A good authors’ agent, one who is really worthy of the name, should indeed be a guide, a philosopher and a friend.” – Marbury from her book My Crystal Ball: Reminiscences
In the late 19th century, Elisabeth (“Bessie”) Marbury was a force behind the scenes. As one of the first well-known literary agents, she had clients such as Oscar Wilde and George Bernard Shaw. She was also a producer and, through her American Play company, helped to develop Cole Porter’s first musical, See America First, as well as Jerome Kern’s early musicals. With this work, Marbury had a hand in the early days of the book musical, a musical form that became the dominant musical theatre form in the 1940s and 1950s.
As an agent, she helped shape the business methods of modern commercial theatre as the profession evolved. Women did not generally make a career in theatre in the late 1800s, and Marbury is thought of as a pioneer.
In 1885, Marbury organized a theatre benefit performance, which inspired her to pursue theatre management. Three years later, Frances Hodgson Burnett (author of such classics as The Secret Garden and A Little Princess) hired Marbury as her business manager and agent for the dramatic version of her best-selling book, Little Lord Fauntleroy. The adaptation was financially successful.
In the early 1890s, Marbury traveled to France and signed on to be the English-speaking market representative for playwright Victorien Sardou, the president of the French Society of Dramatic Authors. She collected royalties from his American hits and also arranged for their English translations and productions. Along with Shaw, Wilde, and the French writers who followed Sardou, Marbury’s client list included Rachel Crothers and Clyde Fitch, as well as British authors James M. Barrie, Hall Caine, and Jerome K. Jerome.
Marbury and several other agents formed the American Play Company in 1914, and Marbury turned her focus to producing the work of Kern and Porter. She also brought Paris dancers Vernon and Irene Castle to New York City, where they became popular, and was an early promoter of African American writers of the Harlem Renaissance.
Murbury was born June 19, 1856 in New York, the youngest of five children, to a wealthy and prominent socialite family. Her religious affiliation and political views changed as she aged. Though she initially opposed women’s suffrage, she switched her position and became a delegate in the Democratic Party. She converted to Roman Catholicism and was active in the Knights of Columbus. As a writer, she translated Maurice Barrers’s The Faith of France (1918) and wrote two books: Manners: A Handbook of Social Customs (1888) and an autobiography, My Crystal Ball: Reminiscences (1923).
From 1892 to 1911, Marbury lived with Elsie de Wolfe at Irving House, located at the corner of East 17th Street and Irving in New York City. They met in 1887 and were together almost 40 years. De Wolfe was an actress and became a celebrated interior decorator, essentially inventing the profession. They hosted Sunday afternoon teas with celebrity guests from the worlds of art, society, and politics.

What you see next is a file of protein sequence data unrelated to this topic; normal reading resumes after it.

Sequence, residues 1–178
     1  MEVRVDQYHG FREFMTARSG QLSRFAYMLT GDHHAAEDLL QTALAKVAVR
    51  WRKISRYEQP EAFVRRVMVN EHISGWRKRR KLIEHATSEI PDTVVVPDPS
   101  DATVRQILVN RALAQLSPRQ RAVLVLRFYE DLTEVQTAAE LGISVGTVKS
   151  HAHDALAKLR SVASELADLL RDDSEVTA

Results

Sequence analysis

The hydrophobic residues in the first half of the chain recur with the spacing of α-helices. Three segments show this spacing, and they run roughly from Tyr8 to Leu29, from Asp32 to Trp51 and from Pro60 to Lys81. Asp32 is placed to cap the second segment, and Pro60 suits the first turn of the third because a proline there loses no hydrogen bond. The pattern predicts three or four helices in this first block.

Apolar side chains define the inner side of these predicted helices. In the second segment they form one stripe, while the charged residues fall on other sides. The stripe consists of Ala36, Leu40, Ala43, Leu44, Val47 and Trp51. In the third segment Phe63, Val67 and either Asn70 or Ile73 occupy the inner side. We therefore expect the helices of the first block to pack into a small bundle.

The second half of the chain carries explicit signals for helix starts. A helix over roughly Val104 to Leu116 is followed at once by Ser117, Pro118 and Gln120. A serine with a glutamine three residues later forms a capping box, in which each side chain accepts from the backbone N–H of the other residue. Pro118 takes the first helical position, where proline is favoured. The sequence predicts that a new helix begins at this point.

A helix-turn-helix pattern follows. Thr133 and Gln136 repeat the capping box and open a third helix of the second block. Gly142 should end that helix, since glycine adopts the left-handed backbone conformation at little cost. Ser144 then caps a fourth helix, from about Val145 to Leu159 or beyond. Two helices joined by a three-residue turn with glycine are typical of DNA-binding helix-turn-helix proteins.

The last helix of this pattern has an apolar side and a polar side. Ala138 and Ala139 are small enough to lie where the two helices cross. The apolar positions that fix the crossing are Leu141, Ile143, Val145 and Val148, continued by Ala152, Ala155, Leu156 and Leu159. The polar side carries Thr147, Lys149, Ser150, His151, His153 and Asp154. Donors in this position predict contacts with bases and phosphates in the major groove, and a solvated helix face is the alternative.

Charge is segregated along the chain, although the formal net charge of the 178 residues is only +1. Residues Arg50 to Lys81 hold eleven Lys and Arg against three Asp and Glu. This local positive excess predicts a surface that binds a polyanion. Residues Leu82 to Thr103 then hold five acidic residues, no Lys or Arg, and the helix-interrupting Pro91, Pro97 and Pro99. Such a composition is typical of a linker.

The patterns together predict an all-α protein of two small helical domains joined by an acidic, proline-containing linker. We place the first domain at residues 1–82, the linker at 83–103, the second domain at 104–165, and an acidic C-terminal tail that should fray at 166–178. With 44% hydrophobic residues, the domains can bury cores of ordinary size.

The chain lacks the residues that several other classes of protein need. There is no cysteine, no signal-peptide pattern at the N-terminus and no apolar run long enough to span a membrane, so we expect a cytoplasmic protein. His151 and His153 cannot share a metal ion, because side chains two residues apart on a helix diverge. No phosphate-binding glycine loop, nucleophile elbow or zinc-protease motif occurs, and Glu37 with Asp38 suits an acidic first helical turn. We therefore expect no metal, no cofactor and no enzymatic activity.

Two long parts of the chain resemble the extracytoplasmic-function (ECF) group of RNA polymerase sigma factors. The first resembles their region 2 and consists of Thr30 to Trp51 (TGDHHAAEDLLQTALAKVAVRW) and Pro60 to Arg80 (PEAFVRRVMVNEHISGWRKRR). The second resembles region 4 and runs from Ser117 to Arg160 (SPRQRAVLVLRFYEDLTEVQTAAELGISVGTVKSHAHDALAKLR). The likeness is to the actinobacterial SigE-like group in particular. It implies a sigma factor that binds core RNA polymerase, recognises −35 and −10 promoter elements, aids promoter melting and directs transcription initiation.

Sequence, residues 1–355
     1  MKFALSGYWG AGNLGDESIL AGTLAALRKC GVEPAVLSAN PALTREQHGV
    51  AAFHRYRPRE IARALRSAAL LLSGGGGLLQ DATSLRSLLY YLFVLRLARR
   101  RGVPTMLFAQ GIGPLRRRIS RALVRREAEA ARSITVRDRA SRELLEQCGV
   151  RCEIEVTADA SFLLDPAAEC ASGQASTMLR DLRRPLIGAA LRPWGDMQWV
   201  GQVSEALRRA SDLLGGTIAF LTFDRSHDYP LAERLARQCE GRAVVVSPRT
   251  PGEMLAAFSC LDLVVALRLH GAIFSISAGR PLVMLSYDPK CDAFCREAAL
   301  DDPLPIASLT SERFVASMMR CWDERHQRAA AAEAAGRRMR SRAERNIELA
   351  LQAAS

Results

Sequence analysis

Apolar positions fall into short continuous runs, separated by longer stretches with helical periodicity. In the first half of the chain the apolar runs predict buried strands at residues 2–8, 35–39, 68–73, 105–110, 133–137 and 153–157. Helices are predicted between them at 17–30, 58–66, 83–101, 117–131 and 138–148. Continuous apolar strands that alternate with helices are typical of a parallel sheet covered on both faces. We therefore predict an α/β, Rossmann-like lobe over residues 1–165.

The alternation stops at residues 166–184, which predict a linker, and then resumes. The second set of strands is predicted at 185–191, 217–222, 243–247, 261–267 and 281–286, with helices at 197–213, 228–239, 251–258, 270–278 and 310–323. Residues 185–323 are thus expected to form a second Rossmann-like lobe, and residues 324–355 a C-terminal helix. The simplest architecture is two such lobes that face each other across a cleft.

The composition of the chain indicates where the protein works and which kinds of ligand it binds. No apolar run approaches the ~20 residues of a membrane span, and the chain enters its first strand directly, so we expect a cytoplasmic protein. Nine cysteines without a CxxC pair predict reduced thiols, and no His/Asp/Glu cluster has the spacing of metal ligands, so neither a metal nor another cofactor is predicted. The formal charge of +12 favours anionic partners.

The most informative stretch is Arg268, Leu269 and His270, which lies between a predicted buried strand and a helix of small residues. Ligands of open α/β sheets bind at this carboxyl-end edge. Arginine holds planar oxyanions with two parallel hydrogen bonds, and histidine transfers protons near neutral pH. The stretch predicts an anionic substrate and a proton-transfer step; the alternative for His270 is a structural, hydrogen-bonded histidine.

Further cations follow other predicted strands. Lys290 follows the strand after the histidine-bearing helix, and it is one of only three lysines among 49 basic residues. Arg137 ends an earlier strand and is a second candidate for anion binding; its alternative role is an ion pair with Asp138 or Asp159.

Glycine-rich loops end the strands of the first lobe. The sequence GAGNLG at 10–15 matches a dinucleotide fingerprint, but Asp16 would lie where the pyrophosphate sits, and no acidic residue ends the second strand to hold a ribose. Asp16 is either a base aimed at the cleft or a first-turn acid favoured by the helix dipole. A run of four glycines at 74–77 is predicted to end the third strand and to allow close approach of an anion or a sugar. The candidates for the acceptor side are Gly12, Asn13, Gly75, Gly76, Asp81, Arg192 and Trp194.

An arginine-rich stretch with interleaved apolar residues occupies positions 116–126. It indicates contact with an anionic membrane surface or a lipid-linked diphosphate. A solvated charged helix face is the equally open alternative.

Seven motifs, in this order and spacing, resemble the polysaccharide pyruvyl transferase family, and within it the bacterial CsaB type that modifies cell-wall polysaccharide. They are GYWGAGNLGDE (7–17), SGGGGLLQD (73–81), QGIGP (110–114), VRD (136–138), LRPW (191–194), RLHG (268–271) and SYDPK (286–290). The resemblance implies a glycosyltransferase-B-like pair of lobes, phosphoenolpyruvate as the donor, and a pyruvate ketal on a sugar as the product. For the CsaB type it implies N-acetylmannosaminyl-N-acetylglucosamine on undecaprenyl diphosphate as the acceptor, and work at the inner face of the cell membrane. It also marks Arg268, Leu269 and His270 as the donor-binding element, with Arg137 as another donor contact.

In 1903, with Anne Tracey Morgan (the daughter of financier J.P. Morgan), they restored Villa Trianon in Versailles, France. Marbury, de Wolfe, and Morgan stayed at the Villa and entertained with Shaw and Wilde, ultimately escaping the German army in a Rolls Royce. Marbury and de Wolfe then had J.P Morgan build Sutton Place on New York City’s East River and turned it into an exclusive neighborhood residence. Marbury moved with de Wolfe to 13 Sutton Place. In 1903, Marbury, Morgan, and Anne Vanderbilt, helped organize the Colony Club, the first women’s social club in New York.
During World War I, Marbury spent many months in France in military hospitals talking to the soldiers and was honored by the French and Belgian governments. When she died in 1933, her large funeral was held at St. Patrick’s Cathedral, and she was buried at Woodlawn Cemetery in the Bronx.
“My stories are about immigrants. There have always been immigrants. We were there in prehistory, travelers from another place, another continent, or just stragglers from a larger society. We are a tribe of wanderers remembering a garden we’d left or looking for an Eden that waits.” – Yamauchi from Songs my Mother Taught Me
Playwright Wakako Yamauchi’s work explores the themes of race and class discrimination and her experiences as a Japanese American woman in the 20th century. She was raised by immigrant parents during World War II, including time in an internment camp, and many of her characters are Issei and Nisei women.
Yamauchi’s plays and stories were published in the 1994 book Songs My Mother Taught Me. Her collected writings encompass the Japanese American immigrant experience from the early 20th century through World War II and the years that followed.
Yamauchi was also a painter and a short story writer, but playwriting became her main form. She loved watching the audiences respond to her stories and said that plays “offer the opportunity to connect with human beings in the theatre.”
Yamauchi was born Wakako Nakamura on October 24, 1924 in Westmorland, California. One of three siblings, she was a Nisei, a second generation Japanese American. Her parents were farmers in the Imperial Valley near the Mexican border, moving frequently in accordance with the Alien Land Law, which prevented them from owning real estate. Her mother also taught Japanese at a Buddhist church.